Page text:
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HR and Tax Newsletter - FEBRUARY 2011



Social Media

When an employee criticizes their company, boss, or even human resources department on social networking sites, an employer who reacts thoughtlessly may find itself in legal trouble. For example, a non-union employee was fired after posting critical Facebook comments relating to her manager. Because the comment drew supportive responses from co-workers, the National Labor Relations Board found the employer in violation of the National Labor Relations Act. The company’s blogging and Internet policy had interfered with the employee’s right to engage in a concerted activity.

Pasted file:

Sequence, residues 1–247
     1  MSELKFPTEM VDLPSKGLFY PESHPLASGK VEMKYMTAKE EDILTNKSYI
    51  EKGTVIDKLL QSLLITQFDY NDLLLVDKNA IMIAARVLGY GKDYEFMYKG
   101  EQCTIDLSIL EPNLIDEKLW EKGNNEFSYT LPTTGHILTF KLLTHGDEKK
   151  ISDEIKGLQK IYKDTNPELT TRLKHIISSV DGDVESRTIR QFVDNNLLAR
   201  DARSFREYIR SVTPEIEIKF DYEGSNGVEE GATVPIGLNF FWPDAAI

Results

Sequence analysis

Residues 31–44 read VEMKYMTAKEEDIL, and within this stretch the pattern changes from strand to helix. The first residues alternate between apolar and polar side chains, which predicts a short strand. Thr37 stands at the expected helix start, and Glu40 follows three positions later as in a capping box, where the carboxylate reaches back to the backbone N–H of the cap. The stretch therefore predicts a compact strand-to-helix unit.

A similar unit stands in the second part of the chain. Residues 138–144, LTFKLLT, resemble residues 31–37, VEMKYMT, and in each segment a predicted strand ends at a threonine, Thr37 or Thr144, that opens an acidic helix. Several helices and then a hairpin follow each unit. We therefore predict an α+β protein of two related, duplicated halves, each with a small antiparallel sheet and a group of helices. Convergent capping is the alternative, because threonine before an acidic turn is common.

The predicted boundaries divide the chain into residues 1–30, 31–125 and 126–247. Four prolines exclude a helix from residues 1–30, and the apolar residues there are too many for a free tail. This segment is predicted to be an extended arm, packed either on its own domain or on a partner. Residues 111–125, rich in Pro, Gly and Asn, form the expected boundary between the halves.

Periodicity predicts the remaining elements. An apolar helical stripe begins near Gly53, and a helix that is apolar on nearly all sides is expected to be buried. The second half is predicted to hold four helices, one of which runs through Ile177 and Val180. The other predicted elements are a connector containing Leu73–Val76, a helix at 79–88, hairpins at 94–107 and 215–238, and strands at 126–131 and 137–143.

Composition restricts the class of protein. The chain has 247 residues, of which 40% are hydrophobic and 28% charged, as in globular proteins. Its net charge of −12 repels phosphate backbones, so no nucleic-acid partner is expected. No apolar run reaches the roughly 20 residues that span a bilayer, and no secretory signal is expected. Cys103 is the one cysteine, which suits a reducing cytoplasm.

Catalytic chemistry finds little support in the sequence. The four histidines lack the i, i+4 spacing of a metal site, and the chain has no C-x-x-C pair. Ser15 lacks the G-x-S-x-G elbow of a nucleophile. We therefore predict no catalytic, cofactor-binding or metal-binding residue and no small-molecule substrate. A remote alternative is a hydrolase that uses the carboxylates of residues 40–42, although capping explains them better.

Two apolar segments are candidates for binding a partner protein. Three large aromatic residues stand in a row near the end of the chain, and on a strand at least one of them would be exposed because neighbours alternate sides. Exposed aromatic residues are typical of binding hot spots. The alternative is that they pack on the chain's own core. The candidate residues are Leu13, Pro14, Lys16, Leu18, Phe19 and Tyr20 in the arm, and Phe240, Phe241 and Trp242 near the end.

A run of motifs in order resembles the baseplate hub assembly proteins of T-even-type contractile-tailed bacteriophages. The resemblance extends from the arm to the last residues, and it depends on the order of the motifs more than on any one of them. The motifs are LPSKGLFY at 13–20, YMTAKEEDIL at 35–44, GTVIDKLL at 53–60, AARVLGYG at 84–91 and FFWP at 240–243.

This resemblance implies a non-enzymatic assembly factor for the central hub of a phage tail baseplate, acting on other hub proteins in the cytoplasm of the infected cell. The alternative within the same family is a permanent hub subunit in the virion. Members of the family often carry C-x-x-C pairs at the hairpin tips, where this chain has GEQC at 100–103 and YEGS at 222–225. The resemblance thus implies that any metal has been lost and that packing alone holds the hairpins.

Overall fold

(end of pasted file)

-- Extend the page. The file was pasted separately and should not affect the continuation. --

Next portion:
This case shows that employers should narrow prohibited social media activities to those that are discriminatory or harassing. Comments prohibited on social media sites should coincide with comments prohibited in the workplace. Employers should consider whether questionable comments are protected by the NLRB, Equal Employment Opportunity, or other laws allowing employees to oppose employment practices.